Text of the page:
Fukunaga lab investigates the mechanism and biology of post-transcriptional gene regulation controlled by RNA-binding proteins and small silencing RNAs. Our research projects will answer fundamental biological questions and also potentially lead to therapeutic applications to human disease.
For the RNA-binding proteins projects, we are interested in novel post-transcriptional gene regulation mechanism performed by uncharacterized or poorly characterized RNA-binding proteins. We use Drosophila oogenesis and spermatogenesis as one of the model systems since post-transcriptional gene regulation is particularly important during these processes.
For the small silencing RNA projects, we are particularly interested in the mechanisms by which microRNAs (miRNAs) and small interfering RNAs (siRNAs) are produced by Dicer enzymes and the mechanisms by the Dicer enzymes are regulated by Dicer-partner RNA-binding proteins. Specifically, we aim to understand the molecular mechanism by which the length of small silencing RNAs produced by Dicer is defined and regulated, which is a biologically significant question.
We use a combination of biochemistry, biophysics, Drosophila genetics, cell culture, and next-generation sequencing, in order to understand important biological questions from the atomic to the organismal level.
1. Novel mechanism of post-transcriptional gene regulation controlled by uncharacterized or poorly characterized RNA-binding proteins.
As one of the RNA-binding protein projects, we are studying RNA-binding protein MARF1 (Meiosis Regulator And mRNA Stability Factor 1). MARF1 has one RNA-binding motif and six tandem LOTUS domains. While MARF1 protein and LOTUS domains are conserved from flies to human, their molecular functions and mechanisms were unknown. Oocytes are produced from germline cells via the process called oogenesis, during which a special gene expression program dedicated to this process operates. MARF1 is expressed specifically at the late-stage oocytes, suggesting crucial roles of MARF1 in oocyte maturation. We created marf1 knockout fly strains by CRISPR-Cas9 system. Interestingly, the mutant flies showed complete female sterility and impaired oocyte maturation. We also found that the LOTUS domain of MARF1 binds the CCR4-NOT deadenylase complex to shorten poly-A tail of target mRNAs and there by silence translation of the target mRNAs. We are extensively working on to identify target mRNAs of MARF1 in a transcript-wide manner. We are also studying how MARF1 is regulated.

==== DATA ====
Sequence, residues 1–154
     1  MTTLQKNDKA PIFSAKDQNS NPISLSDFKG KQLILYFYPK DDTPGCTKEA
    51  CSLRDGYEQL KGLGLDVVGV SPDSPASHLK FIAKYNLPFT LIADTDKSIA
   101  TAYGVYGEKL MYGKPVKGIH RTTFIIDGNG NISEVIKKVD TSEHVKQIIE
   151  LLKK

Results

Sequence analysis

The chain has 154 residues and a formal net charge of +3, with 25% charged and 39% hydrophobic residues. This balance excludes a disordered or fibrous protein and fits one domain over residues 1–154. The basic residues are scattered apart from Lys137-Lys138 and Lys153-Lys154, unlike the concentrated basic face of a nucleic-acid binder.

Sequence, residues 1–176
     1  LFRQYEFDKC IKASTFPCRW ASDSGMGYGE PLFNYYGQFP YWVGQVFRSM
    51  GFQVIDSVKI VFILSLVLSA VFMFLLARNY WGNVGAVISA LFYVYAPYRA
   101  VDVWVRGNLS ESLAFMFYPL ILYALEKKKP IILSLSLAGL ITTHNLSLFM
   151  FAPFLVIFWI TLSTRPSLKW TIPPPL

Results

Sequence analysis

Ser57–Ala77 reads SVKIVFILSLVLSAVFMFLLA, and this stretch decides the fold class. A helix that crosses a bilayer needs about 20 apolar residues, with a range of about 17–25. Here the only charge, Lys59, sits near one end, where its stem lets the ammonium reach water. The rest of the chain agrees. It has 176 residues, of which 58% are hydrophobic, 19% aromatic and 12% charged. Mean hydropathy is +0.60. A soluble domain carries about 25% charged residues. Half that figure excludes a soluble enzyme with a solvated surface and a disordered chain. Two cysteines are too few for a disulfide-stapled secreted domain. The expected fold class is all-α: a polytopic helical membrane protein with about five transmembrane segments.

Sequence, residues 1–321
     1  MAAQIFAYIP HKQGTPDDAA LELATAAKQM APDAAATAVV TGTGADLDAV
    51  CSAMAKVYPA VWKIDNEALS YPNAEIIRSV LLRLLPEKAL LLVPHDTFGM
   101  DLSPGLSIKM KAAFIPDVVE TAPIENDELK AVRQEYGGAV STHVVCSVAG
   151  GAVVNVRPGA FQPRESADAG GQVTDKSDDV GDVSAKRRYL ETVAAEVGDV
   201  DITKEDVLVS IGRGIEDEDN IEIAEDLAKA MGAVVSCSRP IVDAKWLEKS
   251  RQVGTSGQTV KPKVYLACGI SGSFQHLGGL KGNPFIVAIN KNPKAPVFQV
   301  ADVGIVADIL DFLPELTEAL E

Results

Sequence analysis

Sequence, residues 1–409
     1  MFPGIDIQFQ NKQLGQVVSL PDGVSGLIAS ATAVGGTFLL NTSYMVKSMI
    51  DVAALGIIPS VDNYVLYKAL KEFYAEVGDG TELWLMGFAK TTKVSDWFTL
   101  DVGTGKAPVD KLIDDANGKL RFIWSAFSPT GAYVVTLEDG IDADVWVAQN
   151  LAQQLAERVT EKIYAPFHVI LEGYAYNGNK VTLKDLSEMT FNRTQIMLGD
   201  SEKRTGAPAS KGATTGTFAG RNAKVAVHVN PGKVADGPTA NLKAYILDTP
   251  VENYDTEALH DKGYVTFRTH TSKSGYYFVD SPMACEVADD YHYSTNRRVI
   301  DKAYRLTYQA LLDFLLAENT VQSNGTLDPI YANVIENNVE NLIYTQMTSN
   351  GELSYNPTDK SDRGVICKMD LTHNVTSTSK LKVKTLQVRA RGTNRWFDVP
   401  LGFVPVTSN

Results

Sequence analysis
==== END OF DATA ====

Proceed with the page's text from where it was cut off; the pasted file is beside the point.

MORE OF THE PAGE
Sperm is produced from germline cells via the process called spermatogenesis, during which a special gene expression program dedicated to this process operates. In fruit fly Drosophila, extremely large male fertility factor genes on Y-chromosome containing mega-base-sized introns are expressed only during spermatogenesis, and their successful expression is crucial for spermatogenesis. However, expressing such large genes must be very challenging for cells and the molecular mechanisms that ensure their successful expression remain unknown. Recently, we identified a novel RNA-binding protein encoded in the gene CG5213 that is required for this process. We created mutant flies lacking this protein using a CRISPR-Cas9-based genome-editing technique, and investigated them using genetic, microscopic, molecular, transcriptomic, and proteomic approaches. We found that this RNA-binding protein is crucial for successful expression of the extremely large male fertility factor genes, spermatogenesis, and male fertility. We named the CG5213 gene maca, after the plant maca grown in the high Andes mountains whose root has been traditionally believed and used to increase sperm quality and promote male fertility. By identifying the novel RNA-binding protein Maca, our studies give significant insight into how the special gene expression program operates during spermatogenesis. We are currently working to identify RNA-binding targets of Maca and the molecular consequences of Maca-binding to the RNAs.
1C. ATP-dependent RNA helicase
In another project, we are studying an ATP-dependent RNA helicase, which is thought to bind and restructure RNA or RNA-protein complex. By using Drosophila genetics, we are characterizing the RNA helicase mutants that cannot bind ATP, cannot hydrolyze ATP, or cannot release the ATP. We observe impaired oogenesis in these mutant flies. We also observe developmental phenotypes in eyes when the mutants were expressed in eyes. We are extensively working to uncover underlying molecular phenotypes. Current data in our hands suggest that this RNA helicase regulates translation of a specific target mRNAs, in an ATPase activity dependent manner.
1D. RNA-post-transcriptional modification enzyme